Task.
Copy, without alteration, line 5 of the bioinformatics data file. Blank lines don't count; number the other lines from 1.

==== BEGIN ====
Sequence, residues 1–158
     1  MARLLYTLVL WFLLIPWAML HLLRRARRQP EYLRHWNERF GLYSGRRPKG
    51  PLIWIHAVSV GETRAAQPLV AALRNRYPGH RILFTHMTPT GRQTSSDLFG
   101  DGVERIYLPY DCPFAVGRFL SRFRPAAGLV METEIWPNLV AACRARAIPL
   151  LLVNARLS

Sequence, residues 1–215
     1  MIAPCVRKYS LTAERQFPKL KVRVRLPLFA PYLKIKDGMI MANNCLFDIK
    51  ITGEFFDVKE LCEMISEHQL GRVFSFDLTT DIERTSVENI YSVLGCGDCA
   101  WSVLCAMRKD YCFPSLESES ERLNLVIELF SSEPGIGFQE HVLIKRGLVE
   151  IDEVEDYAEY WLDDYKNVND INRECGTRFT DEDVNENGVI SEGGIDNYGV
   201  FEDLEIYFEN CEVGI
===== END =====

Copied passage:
   151  LLVNARLS